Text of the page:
THE BANGKO SENTRAL ng Pilipinas (BSP) will likely cut banks’ reserve requirement ratio (RRR) to 10% to encourage them to cut transaction fees on small-value digital payments, its governor said on Monday.
“We hope, in return, the banks will waive all fees on small transactions when people make bank-to-bank payments. We’re literally bribing the banks to subsidize the small transactions,” BSP Governor Felipe M. Medalla told an economic briefing on Monday.
He said small-value transactions could include digital transfers of as much as P500. He earlier noted that a P15 fee for a P200 transaction “is quite large relative to the amount being sent.”
“What I’m telling (the banks) is, we’ll be more eager to cut the reserve requirements if they help us in this area. Our target is (to cut the RRR to) 10% and we can make it lower than 10%,” he said.
Mr. Medalla expressed confidence banks would support the move to reduce digital transaction fees.
“I’m confident that it will happen soon. I’m sure the BAP (Bankers Association of the Philippines) will work out a proposal that we can all agree on, a fair way of handling it,” he said.
In a statement, BAP President Antonio C. Moncupa, Jr. said banks support the BSP’s goal to reduce transfer fees to boost financial inclusion.
“While transfer fees are determined by each bank, and the need to cover cost of technology, infrastructure, cybersecurity, consumer education and charges by the switch operator are imperative, the BAP maintains close collaboration with the BSP and stakeholders to ensure that the ultimate goal of financial inclusion is attained in a way that is efficient and sustainable,” Mr. Moncupa said.
The BSP wants 70% of Filipino adults to have a formal financial account by this year. It also wants digital payments to make up 50% of all transactions both in volume and value.
Based on the latest central bank data, banked adults made up 56% of the total population in 2021 from just 29% in 2019.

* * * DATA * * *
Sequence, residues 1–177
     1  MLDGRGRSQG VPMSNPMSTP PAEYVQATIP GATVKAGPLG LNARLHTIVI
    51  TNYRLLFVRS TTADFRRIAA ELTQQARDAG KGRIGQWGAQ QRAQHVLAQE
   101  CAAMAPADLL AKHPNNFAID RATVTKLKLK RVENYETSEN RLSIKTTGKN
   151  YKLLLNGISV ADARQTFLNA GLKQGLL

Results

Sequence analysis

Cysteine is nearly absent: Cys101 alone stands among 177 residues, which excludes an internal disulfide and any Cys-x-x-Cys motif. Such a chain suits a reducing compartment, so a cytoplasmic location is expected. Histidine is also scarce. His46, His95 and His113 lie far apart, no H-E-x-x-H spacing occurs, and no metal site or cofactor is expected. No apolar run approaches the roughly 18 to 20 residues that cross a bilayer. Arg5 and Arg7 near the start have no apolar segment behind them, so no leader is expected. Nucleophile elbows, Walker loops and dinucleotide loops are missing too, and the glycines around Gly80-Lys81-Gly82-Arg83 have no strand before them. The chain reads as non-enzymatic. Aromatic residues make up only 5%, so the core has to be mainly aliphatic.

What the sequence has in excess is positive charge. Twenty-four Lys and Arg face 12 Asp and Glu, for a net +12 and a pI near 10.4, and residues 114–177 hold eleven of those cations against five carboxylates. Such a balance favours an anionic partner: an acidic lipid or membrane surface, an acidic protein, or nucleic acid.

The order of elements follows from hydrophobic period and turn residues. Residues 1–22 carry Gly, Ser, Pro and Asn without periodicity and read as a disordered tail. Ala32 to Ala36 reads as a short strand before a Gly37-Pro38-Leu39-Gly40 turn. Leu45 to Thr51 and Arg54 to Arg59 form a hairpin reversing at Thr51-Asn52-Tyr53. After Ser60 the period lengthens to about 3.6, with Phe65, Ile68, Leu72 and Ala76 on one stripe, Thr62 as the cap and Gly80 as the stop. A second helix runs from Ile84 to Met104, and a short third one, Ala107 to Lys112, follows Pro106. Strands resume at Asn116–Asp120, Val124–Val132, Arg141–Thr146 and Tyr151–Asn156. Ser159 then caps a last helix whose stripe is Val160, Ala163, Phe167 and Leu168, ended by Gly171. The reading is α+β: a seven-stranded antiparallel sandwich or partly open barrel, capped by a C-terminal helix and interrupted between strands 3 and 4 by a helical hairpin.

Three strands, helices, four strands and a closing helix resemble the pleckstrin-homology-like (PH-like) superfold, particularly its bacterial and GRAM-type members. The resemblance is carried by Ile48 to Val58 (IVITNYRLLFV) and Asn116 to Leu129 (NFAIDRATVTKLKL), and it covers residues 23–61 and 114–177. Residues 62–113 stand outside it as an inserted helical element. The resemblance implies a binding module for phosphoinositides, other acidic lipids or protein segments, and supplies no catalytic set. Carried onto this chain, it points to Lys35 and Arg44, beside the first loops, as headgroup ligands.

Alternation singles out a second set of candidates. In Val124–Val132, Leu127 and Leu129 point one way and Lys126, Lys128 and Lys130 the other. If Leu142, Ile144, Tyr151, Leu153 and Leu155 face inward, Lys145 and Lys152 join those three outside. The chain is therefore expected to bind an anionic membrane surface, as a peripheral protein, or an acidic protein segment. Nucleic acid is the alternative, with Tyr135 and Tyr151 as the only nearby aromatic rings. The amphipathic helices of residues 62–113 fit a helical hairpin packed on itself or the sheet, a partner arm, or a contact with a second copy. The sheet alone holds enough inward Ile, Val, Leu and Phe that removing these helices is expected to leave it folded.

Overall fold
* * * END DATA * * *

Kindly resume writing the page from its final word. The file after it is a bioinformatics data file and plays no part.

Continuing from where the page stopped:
The share of digital payments in the total volume of retail transactions in the country rose to 30.3% in 2021 from 20.1% a year earlier. The value of payments done online represented 44.1% of total retail transactions, higher than the 26.8% share in 2020.
Meanwhile, Mr. Medalla said the central bank could deliver small increments of reductions in the RRR until it reaches the single-digit level.
“(But) the cut in the reserve requirements will happen (if) everybody believes that inflation is clearly moving towards our target. Our problem is if we cut the reserve requirement, but we’re still raising interest rates, the market might get confused,” he said in mixed English and Filipino.
The RRR for big banks is 12%, one of the highest in the region. Reserve requirements for thrift and rural lenders are at 3% and 2%, respectively.
In March 2020, the central bank cut the RRR, or the percentage of deposits and deposit substitutes banks must keep with the BSP, by 200 bps to 12% to cushion the impact of the coronavirus pandemic.
Mr. Medalla said the BSP is confident headline inflation would return to the 2-4% target by the fourth quarter or early 2024.
Inflation quickened to the fastest in 14 years to 8.7% in January from 8.1% in December, marking the 10th consecutive month inflation was above the BSP’s 2-4% target.
The BSP projects inflation to average 6.1% this year, higher than 5.8% last year, before easing to 3.1% in 2024.
Earlier this month, the Monetary Board hiked the policy rate by 50 basis points to 6%, the highest in nearly 16 years. It has raised the benchmark interest rate by a total of 400 bps since May 2022.
Mr. Medalla also told reporters the Philippines might reach its growth target of 6-7% this year due to strong pent-up demand. The economy grew by 7.6% in 2022. — Keisha B. Ta-asan